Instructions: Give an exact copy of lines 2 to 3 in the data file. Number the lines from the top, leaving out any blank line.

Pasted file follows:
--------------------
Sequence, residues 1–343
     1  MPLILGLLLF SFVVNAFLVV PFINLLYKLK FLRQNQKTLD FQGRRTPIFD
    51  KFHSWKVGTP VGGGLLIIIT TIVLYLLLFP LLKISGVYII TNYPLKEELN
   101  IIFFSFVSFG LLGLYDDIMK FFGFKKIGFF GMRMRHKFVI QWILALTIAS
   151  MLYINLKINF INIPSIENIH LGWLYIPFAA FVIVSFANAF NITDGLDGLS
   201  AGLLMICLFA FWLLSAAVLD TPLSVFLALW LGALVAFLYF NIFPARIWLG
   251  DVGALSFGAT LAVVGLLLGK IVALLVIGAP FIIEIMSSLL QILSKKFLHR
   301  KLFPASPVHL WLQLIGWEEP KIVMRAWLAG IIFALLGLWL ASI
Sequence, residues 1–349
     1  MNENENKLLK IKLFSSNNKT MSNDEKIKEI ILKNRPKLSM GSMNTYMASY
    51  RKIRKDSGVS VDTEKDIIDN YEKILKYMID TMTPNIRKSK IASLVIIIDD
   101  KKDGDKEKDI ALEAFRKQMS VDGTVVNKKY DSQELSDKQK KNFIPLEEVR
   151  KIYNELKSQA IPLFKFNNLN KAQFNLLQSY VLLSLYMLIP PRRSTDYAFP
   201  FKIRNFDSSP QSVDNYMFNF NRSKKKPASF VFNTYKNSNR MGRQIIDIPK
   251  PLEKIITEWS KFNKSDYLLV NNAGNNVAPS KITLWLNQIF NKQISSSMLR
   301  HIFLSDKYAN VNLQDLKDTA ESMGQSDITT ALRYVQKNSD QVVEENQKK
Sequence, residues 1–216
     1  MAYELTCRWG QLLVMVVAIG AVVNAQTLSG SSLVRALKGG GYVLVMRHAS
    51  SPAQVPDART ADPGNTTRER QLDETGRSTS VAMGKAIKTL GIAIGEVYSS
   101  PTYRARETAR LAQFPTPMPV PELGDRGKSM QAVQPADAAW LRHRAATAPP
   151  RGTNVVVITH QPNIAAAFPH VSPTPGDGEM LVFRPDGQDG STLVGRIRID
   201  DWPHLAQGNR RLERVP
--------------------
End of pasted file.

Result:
     1  MPLILGLLLF SFVVNAFLVV PFINLLYKLK FLRQNQKTLD FQGRRTPIFD
    51  KFHSWKVGTP VGGGLLIIIT TIVLYLLLFP LLKISGVYII TNYPLKEELN